Malaysia is a friend of China. All the stories that Malaysia was the first country from South-east Asia to recognise China, more precisely the People’s Republic of China, as early as 1973 are true.
In contrast, South Korea established its full diplomatic relationship with China only after the end of the Cold War in 1992.
As for the Association of South-east Asian Nations (Asean), of which Malaysia is a founder on August 8 1967, the entity went one step further to convene the Asean Regional Forum in 1994, which invariably included all the great powers, especially the United States, Russia and China too.
China’s excellent diplomatic behaviour included the ascension to many international instruments to curtain the spread of chemical, biological and radiological weapons (CBRN).
But since the September 11 attacks of 2001, China has acknowledged the problem of “catastrophic terrorism” too, a word coined by Ashton Carter, a former US Secretary of Defence who is a professor of political science at the Kennedy School of Government.
Whereas the US does have a problem with Guatanomo Bay, where suspected terrorists are detained, usually without due process of the US law, the US detention orders are subjected to legal challenge.
Had President Barack Obama been more decisive — he wasn’t — Guatanamo detention centre would be abolished by now. President Donal Trump with something in the region of 72 days left in his tenure before he is expected to be widely defeated on November 3 2020, opted to keep it, however.
Come what may, the issue is not over one prison centre over another. It is about policy. In the case of China, leaked China Cables to the International Consortium of Investigative Journalism, no doubt a respectable body with some 289 of the best journalists on board, are beginning to discern a wide scale crack down of the Uyghur Muslims, often on the most frivolous reasons, such as having a WhatsApp App installed on one’s phone, travelling to Haj, or, making calls and visits to their relatives in Istanbul, for that matter, the Muslim world ; which is comprised of 57 countries.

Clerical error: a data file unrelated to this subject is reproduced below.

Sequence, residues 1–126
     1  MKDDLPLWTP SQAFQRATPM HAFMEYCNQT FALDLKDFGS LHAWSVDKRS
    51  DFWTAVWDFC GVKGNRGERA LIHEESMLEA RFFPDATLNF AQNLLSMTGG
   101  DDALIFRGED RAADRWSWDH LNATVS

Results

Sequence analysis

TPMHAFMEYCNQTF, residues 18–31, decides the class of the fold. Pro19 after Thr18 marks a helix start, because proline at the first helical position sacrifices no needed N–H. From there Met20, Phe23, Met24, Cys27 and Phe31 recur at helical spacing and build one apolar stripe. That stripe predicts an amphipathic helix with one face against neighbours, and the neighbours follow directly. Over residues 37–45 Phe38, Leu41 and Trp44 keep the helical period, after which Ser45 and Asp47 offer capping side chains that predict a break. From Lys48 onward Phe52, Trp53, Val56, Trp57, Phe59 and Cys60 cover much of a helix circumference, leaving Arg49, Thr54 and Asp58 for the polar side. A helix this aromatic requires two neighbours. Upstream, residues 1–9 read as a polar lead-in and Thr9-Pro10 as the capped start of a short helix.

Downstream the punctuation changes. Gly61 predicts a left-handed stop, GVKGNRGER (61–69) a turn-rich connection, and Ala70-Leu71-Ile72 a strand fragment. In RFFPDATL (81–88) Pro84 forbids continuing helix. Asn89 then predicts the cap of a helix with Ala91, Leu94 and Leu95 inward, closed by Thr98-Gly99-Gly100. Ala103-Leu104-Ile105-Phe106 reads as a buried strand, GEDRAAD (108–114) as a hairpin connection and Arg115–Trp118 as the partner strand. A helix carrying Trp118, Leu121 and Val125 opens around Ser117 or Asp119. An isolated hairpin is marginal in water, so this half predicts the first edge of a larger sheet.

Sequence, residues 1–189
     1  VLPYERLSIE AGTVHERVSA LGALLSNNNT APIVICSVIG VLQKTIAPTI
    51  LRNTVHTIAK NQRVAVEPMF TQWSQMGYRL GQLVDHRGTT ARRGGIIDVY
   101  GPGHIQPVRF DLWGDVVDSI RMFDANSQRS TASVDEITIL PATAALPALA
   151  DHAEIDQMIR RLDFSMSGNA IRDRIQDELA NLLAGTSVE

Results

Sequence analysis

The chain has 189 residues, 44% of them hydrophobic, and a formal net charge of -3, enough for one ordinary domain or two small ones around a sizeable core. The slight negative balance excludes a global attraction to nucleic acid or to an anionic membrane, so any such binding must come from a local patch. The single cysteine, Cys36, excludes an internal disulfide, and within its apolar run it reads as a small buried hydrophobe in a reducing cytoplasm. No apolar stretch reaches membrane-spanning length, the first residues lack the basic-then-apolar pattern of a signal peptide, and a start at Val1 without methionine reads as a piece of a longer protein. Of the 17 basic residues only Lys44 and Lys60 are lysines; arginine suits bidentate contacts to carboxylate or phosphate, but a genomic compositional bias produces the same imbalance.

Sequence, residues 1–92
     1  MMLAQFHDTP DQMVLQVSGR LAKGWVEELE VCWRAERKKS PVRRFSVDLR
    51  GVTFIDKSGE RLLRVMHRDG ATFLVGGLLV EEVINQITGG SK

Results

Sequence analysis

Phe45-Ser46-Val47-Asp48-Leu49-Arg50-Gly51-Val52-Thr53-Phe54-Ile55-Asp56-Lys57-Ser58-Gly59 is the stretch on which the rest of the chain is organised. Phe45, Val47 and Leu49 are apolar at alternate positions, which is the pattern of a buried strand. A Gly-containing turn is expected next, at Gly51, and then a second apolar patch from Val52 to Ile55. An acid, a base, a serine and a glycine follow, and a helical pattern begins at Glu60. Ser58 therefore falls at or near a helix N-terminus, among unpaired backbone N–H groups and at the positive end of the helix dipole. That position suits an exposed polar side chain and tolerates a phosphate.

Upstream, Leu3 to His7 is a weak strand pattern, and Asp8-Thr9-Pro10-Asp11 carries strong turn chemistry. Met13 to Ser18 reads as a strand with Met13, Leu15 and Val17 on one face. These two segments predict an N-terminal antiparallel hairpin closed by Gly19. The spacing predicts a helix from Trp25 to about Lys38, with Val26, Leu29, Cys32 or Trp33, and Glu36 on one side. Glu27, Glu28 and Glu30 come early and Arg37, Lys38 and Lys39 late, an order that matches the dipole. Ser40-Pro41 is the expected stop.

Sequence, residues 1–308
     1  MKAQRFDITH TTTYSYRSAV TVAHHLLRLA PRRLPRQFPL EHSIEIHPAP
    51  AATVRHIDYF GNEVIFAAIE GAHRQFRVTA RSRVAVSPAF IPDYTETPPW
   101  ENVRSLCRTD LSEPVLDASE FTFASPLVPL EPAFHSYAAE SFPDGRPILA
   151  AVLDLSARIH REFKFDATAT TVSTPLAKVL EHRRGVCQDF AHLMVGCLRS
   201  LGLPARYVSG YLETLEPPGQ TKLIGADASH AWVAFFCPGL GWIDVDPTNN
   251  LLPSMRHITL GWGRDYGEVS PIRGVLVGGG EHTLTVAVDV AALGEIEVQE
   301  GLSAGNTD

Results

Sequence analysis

Due to Sino-US tensions, and Sino-India spat, any through journalistic accounts of these reporters on the problems of China’s blanket crack down on Uygur Muslims, especially Kashgar, have been dismissed as “fake news,” or “propaganda.”
This has created a serious conundrum. China is in deep, and serious denial, that it is in contravention of the Geneva Convention. Indeed, scholars such as Dr Andrian Zenz, a German scholar who is an expert on Tibet, and now Xinjiang too, has found more and more evidence of forced sterilisation of the female Uyghur Muslims incarcerated in the detention camps.
Such a policy verges on sheer cultural genocide, we the right to have one’s next generation is denied.
To be sure, students who returned from Istanbul, or, any Islamic colleges/universities abroad, would also have their passports confiscated and sent to what Chinese Communist Party called the “reeducation” camp.
Granted that China’s Belt and Road Initiative involves 67 countries, of which 30 of them are predominantly Muslim, it is high time that China examine its gross mistreatment of the Uyghur Muslims.
They should focus on winning their hearts and minds. Not by sending people into camps, to be “brainwashed” into party loving members. The number of prisoners now hover between one and two million people out of 12 million indigenous people in Xinjiang.
But regardless how one sees it, this is not a “policy” but a blunt political instrument akin to using the hammer to kill a fly, ethnic and cultural cleansing. China must stop this. The world must ensure China stops this.
Dr. Rais Hussin is President & CEO of EMIR Research, an independent think tank focused on strategic policy recommendations based on rigorous research.